Friday, April 15, 2011
The Scopes (Monkey) Trial: In 1925, the Tennessee legislature passed the Butler Act, which precluded public school teachers from teaching evolutionary theory. This law cause immediate controversy, as the American Civil Liberties Union (ACLU) openly challenged it. John T. Scopes, a high school biology teacher, agreed to violate the statute for the ACLU by teaching some of Charles Darwin's ideas from On the Origin of Species (1859). Scopes' actions landed him in jail with a $100 bail and a grand jury indictment. The indictment led to a criminal trial, which was the first to be broadcast nationally on the radio. Aside from the radio, the trial attracted two of the nation's most prominent lawyers at the time; William Jennings Bryan and Clarence Darrow. The above video contains remade theatrical scenes from Inherit the Wind (1955), where the legal and theological debates of the prosecution and defense are on display. Although the ACLU originally planned to attack the constitutionality of the Butler Act on the grounds that it violated a teacher's right to academic freedom, Darrow later centered the argument on the difference between literal and allegorical interpretations of the Bible. Ultimately, the court found Scopes guilty of violating the Butler Act, as it upheld the law's constitutionality by stating it did not favor a particular religious view concerning man's origins. The Butler Act remained state law in Tennessee until 1967.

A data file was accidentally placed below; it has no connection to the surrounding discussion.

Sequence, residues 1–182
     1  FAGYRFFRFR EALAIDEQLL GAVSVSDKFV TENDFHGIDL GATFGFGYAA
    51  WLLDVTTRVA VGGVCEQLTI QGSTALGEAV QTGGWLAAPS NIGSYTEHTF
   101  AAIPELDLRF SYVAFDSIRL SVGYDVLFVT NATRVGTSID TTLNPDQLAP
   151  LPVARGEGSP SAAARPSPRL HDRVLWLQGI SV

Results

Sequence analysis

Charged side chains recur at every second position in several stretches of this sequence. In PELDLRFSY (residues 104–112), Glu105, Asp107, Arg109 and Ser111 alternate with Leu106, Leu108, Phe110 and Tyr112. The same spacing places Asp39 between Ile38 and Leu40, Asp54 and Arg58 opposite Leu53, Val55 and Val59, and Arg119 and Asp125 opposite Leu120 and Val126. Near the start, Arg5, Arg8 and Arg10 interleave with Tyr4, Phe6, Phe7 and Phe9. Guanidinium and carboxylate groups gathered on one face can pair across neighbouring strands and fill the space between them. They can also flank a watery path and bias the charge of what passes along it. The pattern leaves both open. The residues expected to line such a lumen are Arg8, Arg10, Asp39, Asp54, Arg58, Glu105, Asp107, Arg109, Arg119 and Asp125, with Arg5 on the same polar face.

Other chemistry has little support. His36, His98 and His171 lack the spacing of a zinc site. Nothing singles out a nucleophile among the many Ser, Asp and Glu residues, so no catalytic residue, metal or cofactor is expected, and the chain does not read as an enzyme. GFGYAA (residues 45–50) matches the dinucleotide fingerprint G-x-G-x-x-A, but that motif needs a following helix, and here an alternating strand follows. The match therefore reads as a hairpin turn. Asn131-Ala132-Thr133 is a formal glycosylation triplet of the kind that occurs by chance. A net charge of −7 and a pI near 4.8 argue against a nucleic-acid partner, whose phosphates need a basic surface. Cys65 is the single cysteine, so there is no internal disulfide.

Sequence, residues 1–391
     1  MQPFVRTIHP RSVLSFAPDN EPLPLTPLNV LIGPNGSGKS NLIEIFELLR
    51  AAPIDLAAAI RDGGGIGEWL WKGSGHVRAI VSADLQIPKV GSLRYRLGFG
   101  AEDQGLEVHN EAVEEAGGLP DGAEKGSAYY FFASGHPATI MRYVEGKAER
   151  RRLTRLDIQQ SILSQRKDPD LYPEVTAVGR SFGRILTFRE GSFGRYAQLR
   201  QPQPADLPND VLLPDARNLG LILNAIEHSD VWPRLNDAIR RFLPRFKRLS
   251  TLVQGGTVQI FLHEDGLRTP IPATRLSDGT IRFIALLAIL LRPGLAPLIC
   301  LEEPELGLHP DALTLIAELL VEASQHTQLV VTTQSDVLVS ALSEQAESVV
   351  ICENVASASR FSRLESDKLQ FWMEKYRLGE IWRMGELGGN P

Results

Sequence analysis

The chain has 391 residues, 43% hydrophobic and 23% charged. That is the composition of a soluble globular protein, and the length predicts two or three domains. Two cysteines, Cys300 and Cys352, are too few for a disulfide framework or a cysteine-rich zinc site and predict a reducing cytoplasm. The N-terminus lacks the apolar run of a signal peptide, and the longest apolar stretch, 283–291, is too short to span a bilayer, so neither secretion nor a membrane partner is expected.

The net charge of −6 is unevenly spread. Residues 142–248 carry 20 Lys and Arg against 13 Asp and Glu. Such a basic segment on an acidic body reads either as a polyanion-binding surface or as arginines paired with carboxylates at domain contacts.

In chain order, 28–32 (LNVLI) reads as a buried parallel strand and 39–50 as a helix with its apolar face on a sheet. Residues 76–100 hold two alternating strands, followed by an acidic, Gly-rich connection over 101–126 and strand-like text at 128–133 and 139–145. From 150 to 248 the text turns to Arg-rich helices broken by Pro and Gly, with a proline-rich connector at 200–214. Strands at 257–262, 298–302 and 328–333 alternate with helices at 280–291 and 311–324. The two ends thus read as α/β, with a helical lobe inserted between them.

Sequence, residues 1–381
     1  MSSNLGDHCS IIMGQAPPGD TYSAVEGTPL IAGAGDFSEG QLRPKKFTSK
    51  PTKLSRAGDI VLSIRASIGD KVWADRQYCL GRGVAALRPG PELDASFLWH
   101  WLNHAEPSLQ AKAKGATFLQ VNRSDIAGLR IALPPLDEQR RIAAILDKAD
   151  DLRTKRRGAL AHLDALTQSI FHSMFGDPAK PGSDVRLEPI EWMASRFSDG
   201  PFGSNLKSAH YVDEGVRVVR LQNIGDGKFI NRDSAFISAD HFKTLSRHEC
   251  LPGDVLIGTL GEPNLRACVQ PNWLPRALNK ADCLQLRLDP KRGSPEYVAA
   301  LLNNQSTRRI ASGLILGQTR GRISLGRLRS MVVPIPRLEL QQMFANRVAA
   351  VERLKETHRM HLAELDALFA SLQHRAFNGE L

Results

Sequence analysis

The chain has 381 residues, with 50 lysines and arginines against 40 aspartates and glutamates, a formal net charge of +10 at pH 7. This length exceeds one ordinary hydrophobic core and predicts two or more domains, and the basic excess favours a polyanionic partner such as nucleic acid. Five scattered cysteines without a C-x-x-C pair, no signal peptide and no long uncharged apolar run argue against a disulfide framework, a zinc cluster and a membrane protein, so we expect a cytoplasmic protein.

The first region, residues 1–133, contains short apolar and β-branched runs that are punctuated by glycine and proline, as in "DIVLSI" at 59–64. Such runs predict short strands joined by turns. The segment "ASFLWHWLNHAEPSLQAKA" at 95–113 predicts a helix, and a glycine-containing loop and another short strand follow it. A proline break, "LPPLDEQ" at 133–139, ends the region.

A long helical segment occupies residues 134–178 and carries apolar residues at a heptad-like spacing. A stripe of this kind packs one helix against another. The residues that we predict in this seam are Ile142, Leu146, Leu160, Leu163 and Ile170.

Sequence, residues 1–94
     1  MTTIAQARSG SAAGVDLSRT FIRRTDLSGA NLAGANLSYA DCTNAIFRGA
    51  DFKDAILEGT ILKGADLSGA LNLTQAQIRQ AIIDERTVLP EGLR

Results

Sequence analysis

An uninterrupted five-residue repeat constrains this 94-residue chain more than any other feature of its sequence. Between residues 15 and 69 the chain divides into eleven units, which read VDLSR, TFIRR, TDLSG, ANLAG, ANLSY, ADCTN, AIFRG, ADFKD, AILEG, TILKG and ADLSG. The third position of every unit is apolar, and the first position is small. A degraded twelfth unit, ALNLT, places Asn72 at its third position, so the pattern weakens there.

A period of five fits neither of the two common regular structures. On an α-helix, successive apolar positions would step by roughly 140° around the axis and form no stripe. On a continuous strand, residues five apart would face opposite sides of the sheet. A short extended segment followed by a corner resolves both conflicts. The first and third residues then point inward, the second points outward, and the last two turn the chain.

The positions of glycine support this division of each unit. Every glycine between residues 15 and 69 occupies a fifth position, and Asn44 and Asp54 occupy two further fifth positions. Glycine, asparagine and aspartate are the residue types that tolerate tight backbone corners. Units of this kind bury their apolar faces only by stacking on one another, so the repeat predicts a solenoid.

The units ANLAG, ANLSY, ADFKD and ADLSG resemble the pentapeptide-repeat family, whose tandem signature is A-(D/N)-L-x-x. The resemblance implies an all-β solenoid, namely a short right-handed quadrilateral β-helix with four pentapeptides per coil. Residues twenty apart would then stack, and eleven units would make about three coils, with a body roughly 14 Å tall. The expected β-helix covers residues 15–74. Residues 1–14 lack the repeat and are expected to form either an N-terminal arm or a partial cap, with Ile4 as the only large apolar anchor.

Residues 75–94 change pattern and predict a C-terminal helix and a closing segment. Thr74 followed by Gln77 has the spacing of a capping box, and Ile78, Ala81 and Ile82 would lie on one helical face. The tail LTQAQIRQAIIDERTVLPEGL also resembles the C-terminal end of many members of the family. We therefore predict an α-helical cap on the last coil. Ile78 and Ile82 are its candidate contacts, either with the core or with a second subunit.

Friday, April 1, 2011
C. S. Lewis and Christian Apologetics: In 1952, C. S. Lewis published Mere Christianity as a literary adaptation of various radio talks he gave to the British public during World War II. Considered a seminal work in Christian apologetics, which defines the rational basis for Christian belief, the book defends Christian morality as a fundamental precipitant of reasoned judgment. In effect, Lewis claims that Christian morality consists of three basic levels. The primary level concerns social interactions among individuals and followed the Golden Rule of doing unto others as you would have them do unto you. The secondary level entails the creation of a balanced relationship between one's body and one's soul while the tertiary level involves the nurturing of a faith-based relationship between oneself and God. For Lewis, many people, Christian and non-Christian alike, do not think of morality beyond the primary level. But as Lewis argues, if one's personal relationship with God, soul, and body is non-existent, then deep-seated insecurities and a lack of self-respect can end up negatively affecting his or her interpersonal relationships. In short, the secondary and tertiary levels of Christian morality are often as important as the primary level for building a wholly just society.